Anyone who has read books about Soviet era espionage recognizes a certain kind of scene: intelligence agents meeting to exchange information—and occasionally prisoners—in the shadow of the Berlin Wall. Breach, the first book in W.L. Goodwater’s Cold War Magic series, uses this well-worn trope and amplifies it with the threat of magical annihilation, bringing a new edge to the traditional spy story.
In the waning hours of World War II, Soviet magicians conjured a wall of pure magic, dividing Berlin in two and protecting their hold on East Germany. While the world was aghast, there was little the West could do. The wall was impenetrable except at specific, predetermined crossing points like Checkpoint Charlie. Until now. The wall is failing, and to avoid World War III, the US needs to find out why—and try to reverse the process. The CIA calls on Karen, a young researcher from the American Office of Magical Research and Deployment. As she searches for a way to repair the wall, Karen quickly realizes that the truth is never straightforward in Berlin, especially when it comes to the story behind the Wall itself.
The characters of Breach shine as much as the plot and world do. Like the book itself, the characters are well-trodden archetypes that are given new life. There’s the young magician burnout-turned spy and his partner, the not-quite-recovering alcoholic chief, and the young spitfire determined to make her place in the world. If those sound familiar and even overdone, it’s because they are. But Goodwater takes those cardboard cutouts of what we would expect from a 1980s spy novel and turns them into three-dimensional characters that readers can actually root for. Far from being mere types, Karen and her compatriots are vibrant characters with complex inner lives. They go off-script from typical spy novels, making a world that could have been a parody of itself into one that readers will be eager to get back to.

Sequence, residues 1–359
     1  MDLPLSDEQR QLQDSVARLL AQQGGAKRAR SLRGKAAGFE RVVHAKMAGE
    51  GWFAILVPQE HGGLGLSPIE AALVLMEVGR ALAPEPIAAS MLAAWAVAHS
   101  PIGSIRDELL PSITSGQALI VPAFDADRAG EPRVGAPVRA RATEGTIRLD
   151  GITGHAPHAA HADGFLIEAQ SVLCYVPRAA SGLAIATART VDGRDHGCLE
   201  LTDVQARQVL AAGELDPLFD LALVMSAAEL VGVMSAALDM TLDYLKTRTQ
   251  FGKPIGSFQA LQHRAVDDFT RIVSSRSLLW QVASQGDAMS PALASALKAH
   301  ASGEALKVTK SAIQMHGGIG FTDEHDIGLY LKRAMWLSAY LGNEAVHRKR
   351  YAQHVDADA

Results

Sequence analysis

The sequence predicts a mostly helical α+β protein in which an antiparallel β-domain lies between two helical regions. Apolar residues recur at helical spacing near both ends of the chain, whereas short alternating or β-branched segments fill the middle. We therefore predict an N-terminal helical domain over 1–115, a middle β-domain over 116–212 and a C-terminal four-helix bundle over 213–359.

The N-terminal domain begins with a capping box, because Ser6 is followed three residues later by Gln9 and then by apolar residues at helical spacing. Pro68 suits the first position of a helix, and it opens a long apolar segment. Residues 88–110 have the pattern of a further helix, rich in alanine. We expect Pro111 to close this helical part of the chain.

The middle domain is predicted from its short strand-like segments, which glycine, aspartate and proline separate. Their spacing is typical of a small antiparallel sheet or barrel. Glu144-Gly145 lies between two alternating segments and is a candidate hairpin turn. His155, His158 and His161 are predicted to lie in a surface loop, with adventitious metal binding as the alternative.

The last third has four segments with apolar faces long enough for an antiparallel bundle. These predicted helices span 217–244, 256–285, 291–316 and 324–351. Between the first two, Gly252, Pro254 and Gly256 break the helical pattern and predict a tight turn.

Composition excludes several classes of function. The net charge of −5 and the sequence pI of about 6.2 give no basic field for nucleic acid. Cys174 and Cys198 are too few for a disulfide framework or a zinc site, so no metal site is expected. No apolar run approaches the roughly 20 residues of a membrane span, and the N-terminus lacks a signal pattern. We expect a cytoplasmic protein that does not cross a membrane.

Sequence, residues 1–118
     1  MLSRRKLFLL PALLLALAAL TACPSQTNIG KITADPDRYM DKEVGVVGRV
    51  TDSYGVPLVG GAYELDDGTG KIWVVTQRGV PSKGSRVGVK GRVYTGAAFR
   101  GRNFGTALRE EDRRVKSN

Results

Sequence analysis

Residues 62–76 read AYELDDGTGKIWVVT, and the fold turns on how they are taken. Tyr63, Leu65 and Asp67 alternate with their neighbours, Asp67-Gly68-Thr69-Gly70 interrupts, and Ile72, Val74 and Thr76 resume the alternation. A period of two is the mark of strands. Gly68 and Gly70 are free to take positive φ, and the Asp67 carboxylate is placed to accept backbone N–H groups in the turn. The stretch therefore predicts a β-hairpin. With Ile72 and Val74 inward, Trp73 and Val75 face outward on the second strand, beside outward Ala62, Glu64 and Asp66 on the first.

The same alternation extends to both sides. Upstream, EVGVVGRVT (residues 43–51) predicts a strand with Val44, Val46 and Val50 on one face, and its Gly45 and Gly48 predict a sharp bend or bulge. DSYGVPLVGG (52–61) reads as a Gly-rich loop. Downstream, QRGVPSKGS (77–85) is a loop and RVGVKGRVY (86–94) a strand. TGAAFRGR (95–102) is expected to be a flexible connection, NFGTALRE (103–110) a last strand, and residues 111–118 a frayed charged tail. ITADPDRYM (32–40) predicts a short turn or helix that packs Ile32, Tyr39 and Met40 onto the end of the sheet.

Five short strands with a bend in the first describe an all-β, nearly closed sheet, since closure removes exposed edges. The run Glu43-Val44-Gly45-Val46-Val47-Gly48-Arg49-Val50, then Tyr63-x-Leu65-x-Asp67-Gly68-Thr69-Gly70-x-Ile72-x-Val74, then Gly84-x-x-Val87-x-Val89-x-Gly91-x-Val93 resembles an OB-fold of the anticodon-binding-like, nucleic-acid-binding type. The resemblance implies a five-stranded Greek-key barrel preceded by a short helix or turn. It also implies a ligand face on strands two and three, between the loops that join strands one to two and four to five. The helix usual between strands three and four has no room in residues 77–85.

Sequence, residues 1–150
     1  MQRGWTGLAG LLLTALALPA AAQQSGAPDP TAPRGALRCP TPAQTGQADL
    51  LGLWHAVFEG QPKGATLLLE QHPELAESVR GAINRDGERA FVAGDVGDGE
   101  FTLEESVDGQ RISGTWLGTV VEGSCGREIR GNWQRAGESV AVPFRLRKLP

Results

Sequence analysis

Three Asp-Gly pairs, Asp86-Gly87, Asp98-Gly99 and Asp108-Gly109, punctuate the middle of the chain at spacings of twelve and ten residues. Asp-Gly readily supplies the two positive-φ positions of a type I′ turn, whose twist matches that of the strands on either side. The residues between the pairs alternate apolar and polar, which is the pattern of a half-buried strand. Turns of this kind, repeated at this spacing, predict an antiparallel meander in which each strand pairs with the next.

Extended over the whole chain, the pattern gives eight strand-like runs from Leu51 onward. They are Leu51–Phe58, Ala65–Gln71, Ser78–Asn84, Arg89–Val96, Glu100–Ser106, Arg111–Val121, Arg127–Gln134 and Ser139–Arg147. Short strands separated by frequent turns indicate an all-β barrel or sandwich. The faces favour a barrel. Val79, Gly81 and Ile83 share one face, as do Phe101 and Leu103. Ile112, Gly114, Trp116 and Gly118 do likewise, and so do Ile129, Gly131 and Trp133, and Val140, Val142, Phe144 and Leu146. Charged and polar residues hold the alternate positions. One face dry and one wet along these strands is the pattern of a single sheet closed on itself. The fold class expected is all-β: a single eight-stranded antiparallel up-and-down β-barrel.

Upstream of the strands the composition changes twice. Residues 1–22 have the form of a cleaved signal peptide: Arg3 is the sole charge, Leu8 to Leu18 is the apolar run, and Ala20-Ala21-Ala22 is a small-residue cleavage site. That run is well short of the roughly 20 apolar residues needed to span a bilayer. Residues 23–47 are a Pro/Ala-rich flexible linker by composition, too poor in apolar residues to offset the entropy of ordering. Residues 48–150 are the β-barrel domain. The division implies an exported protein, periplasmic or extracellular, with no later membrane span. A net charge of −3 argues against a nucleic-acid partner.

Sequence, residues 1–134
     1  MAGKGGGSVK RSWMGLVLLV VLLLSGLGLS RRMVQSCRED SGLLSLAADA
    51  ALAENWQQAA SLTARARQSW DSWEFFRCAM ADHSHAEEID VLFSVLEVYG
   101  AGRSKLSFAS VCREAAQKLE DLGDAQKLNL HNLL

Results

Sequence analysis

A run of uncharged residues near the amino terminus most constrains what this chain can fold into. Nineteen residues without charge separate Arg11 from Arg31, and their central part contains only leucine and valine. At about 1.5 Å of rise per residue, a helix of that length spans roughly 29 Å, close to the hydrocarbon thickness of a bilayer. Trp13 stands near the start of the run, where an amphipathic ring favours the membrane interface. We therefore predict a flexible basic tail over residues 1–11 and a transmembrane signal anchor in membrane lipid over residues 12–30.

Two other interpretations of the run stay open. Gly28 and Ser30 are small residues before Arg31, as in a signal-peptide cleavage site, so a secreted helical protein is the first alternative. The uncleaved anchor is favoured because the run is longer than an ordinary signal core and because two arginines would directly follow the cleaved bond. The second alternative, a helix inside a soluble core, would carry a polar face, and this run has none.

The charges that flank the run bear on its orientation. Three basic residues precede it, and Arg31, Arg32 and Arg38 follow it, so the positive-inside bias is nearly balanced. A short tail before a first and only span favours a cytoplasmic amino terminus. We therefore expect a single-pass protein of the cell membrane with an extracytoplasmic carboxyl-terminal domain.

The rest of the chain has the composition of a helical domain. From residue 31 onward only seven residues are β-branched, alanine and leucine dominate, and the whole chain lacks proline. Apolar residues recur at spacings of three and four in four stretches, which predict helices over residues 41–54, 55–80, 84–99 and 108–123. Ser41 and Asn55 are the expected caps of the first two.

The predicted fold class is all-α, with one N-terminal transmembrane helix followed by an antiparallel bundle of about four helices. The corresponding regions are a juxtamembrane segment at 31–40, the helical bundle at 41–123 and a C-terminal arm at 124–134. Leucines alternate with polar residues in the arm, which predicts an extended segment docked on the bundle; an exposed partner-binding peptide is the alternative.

Goodwater’s debut novel is tightly wound in the way that only good suspense stories can be. At any moment it seems that the fragile peace built between the West and East could fall apart with disastrous consequences, which is a testament to Breach’s overall success with dramatic timing. By the same token, however, if it’s possible to make a complaint about Breach, the only complaint to make is that at a few points the story felt rushed, with too many events being crushed into not enough space. While this fits with the frenetic pace of the scenes in question, it also made action sequences difficult to follow because so much was happening at once. However, the pleasure of the book as a whole more than made up for these slight pacing issues.
Breach combines the magical world building of The City & the City with the suspense of Cold War thrillers like Bridge of Spies, resulting in a cinematic suspense story that will keep readers on the edge of their seats until the very last page.